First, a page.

In Solitude He Wanders
from the book, "Our Fascinating Earth"
In Solitude He Wanders
Most people consider the lion by far the most dangerous animal in Africa. Among professional hunters there would be much debate on this subject, because those who have had contact with creatures in the wild consider the buffalo the most dangerous among big—game animals.
If lions could express their opinions, they would probably agree. A recent well—recorded incident tells about a herd of buffalo that scooped up an attacking lioness and tossed her among them on their horns! When they finally relented and allowed the lioness to drop to the ground, she was dead.
Lions have a definite social order, with one male in a dominant position. A large portion of the pride's activities are assigned to the female, but in times of pressing need she is not alone. When a lioness senses she is about to give birth, she will isolate herself from the pride. Before retiring, however, she finds another female to assist her during her confinement. The task of her companion is to protect the mother and newborn cubs from predators and to provide them with fresh food. The Masai tribesmen refer to the assisting lioness as "Auntie."
As soon as the mother regains her strength, Auntie returns to the pride. The mother also resumes hunting with the pride but keeps her cubs hidden. As long as they have a chance for survival, she is a devoted mother. Recently a park ranger observed a lioness drag a 300—pound sable antelope almost a mile to her cubs — a tremendous feat of strength and endurance.
When the cubs are weaned, at about three months, the lioness introduces them to the adults of the pride, where they will be accepted as members of the band. If this were not done, the cubs would be killed on sight as intruders, because lions of different prides are quite hostile to each other.
The hierarchy within a pride is always evident. When one of the group makes a kill, the dominant male is the first to grab a choice portion. He is followed by the mature females and the juveniles, provided they can find an open spot, since by now the carcass is fairly overrun with feeding lions. In such a situation the cubs are left out. The mother often restrains the cubs from trying to partake in the feast, for she is well aware that defenseless, intruding cubs would be killed or mauled instantly. It is small wonder that only one cub out of ten survives to become an adult.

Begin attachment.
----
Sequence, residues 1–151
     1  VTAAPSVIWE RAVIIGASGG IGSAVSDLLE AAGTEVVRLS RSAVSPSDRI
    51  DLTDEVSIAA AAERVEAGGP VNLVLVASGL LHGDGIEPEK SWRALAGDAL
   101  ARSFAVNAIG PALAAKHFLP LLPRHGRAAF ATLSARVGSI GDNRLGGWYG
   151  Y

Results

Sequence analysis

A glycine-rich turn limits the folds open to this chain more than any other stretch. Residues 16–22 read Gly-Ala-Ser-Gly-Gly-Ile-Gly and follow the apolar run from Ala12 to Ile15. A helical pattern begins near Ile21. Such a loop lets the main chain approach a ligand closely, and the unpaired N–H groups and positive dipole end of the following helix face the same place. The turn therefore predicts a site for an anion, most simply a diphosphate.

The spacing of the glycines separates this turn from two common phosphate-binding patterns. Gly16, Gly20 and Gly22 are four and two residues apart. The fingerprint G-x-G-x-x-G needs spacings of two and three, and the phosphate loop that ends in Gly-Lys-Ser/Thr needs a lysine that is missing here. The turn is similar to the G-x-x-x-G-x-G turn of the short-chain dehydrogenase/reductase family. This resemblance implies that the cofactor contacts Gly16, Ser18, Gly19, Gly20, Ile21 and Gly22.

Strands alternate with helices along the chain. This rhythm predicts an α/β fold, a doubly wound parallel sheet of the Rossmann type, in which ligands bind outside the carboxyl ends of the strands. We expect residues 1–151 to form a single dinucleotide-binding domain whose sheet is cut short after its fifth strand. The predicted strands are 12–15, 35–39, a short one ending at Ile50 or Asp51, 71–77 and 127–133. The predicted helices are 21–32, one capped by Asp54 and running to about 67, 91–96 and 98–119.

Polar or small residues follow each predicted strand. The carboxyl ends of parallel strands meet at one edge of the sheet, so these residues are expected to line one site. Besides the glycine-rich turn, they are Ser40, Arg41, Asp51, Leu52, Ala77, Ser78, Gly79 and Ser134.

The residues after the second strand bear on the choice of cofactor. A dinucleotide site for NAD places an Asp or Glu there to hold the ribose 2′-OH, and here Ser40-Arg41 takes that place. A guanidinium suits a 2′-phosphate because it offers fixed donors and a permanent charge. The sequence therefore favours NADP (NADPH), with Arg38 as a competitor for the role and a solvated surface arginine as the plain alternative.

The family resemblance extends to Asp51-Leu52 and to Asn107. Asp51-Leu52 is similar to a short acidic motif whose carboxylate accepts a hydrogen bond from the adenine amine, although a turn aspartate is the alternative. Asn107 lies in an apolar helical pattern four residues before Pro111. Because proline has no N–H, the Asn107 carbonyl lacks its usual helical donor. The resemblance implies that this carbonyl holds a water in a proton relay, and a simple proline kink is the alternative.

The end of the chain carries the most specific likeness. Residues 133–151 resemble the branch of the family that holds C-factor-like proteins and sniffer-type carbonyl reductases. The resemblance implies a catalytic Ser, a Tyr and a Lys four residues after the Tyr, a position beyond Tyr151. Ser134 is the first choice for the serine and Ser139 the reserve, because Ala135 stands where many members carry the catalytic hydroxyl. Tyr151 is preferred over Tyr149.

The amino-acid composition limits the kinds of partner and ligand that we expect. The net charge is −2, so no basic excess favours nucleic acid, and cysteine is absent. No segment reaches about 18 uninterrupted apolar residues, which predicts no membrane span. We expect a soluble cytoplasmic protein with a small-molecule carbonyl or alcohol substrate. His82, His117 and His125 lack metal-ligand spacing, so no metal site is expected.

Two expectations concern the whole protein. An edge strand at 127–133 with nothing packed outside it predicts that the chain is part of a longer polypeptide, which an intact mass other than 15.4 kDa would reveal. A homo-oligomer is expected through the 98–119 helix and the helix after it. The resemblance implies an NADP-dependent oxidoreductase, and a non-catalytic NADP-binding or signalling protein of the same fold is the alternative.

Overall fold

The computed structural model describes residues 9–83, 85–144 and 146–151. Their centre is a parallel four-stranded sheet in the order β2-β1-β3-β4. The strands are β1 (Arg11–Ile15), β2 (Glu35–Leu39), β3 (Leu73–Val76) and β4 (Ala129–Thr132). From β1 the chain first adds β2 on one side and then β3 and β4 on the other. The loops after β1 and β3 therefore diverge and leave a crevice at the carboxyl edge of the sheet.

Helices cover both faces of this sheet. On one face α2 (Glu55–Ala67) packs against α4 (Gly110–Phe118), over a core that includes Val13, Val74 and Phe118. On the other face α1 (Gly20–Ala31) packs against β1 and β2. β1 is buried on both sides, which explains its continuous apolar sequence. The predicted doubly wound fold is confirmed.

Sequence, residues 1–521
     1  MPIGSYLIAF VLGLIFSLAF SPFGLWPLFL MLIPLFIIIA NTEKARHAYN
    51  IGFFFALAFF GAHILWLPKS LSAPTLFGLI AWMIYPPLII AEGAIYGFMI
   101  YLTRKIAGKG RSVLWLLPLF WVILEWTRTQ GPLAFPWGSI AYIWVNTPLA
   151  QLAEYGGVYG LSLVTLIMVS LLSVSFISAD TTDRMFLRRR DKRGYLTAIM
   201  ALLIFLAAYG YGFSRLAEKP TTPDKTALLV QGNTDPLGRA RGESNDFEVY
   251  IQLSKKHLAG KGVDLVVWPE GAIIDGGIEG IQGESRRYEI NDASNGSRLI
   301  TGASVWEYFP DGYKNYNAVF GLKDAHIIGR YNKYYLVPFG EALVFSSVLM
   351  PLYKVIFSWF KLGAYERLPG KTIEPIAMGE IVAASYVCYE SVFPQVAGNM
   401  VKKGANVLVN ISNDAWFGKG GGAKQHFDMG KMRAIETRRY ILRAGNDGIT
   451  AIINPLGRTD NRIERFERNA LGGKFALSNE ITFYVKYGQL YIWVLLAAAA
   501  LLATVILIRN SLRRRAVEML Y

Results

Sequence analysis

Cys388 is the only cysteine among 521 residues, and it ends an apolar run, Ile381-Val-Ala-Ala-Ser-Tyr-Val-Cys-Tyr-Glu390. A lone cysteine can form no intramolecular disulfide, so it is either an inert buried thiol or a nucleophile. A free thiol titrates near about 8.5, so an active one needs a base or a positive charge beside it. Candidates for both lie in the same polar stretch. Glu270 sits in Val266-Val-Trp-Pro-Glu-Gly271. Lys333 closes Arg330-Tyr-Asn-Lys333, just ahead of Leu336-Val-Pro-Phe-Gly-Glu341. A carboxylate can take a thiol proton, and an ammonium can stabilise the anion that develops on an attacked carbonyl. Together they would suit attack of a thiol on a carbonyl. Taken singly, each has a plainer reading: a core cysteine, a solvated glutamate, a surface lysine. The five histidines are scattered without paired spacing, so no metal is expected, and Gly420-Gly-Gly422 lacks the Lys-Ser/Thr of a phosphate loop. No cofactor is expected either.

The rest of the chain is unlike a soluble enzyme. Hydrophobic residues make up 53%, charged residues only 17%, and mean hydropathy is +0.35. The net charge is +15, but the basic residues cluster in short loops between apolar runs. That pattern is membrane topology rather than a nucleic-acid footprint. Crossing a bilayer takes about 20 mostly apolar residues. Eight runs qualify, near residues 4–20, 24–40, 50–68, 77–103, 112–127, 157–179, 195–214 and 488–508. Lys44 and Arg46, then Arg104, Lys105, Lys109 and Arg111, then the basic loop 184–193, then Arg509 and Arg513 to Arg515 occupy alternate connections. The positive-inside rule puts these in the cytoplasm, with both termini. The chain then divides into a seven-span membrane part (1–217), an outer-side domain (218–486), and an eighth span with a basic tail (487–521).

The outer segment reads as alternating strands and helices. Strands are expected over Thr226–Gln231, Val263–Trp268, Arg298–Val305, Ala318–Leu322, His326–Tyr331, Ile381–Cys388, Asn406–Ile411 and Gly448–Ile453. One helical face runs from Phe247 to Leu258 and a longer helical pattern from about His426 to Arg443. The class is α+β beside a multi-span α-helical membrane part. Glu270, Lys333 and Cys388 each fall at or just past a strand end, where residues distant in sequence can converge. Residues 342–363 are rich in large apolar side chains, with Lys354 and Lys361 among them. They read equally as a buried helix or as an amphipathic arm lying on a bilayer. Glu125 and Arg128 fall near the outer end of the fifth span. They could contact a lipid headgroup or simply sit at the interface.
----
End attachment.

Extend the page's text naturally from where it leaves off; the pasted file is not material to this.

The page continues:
The new mother's mate is the ultimate of male chauvinists. He leaves all of the major necessities for living, such as hunting and killing, to the female. Indolent to a fault, he spends as much as twenty hours a day just resting. He seldom arouses himself except to eat, but when he does, the male lion gorges himself on as much as ninety pounds of meat at a single meal! But even the king has his day of reckoning.
In the social order of the king of beasts there comes a time when an up—and—coming young male lion decides it is the hour to dethrone the boss lion of the pride. He will approach the boss somewhat cautiously and then force matters into a fight. It begins with bluff as both males try to howl each other down. The sounds they emit range from low growls to nerve—shattering roars that can be heard for miles. Soon the blows begin to fall.
Each lion beleaguers the other with slaps of a force that could easily break a man's neck. Fortunately the male lion possesses a well—padded mane that, in this instance, becomes a shock absorber. During the fight neither exposes his claws, so the battle involves mainly muscle power. It is a fair and bloodless contest for superiority. If the boss lion wins, nothing will change, and the defeated challenger will skulk back to the pride. Conditions will return to normal, with neither harboring a grudge.
If the challenger wins, however, everything changes. Most, if not all, of the pride members will then fall under the jurisdiction of the new boss lion. The now—dethroned male is sent out "into the dessert." From here on he will roam as a solitary. Since the territories of neighboring prides of lions border one another, the fate of the former boss lion is harsh. If he tries to enter the realm of another pride, he will immediately be chased away of killed.
The solitary lion is constantly harried and forced to move on and on until he reaches a parched land that lions do not often frequent. Here he must live on rodents and lizards, for the larger game do not try to subsist in a barren environment. Worse still, he may be forced into the vicinity of human settlements, which to a lion is most unpleasant. He will now develop skills in hunting domestic animals, thereby becoming a rogue constantly threatened by humans with rifles. Exiles such as the solitary lion will, in desperation, attack man. Once he is identified as man—eater, he is hunted down in earnest. Whatever befalls an ex—lion king, his life as an exile is destitute. The most comforting aspect of the lion's banishment may be that it is relatively brief.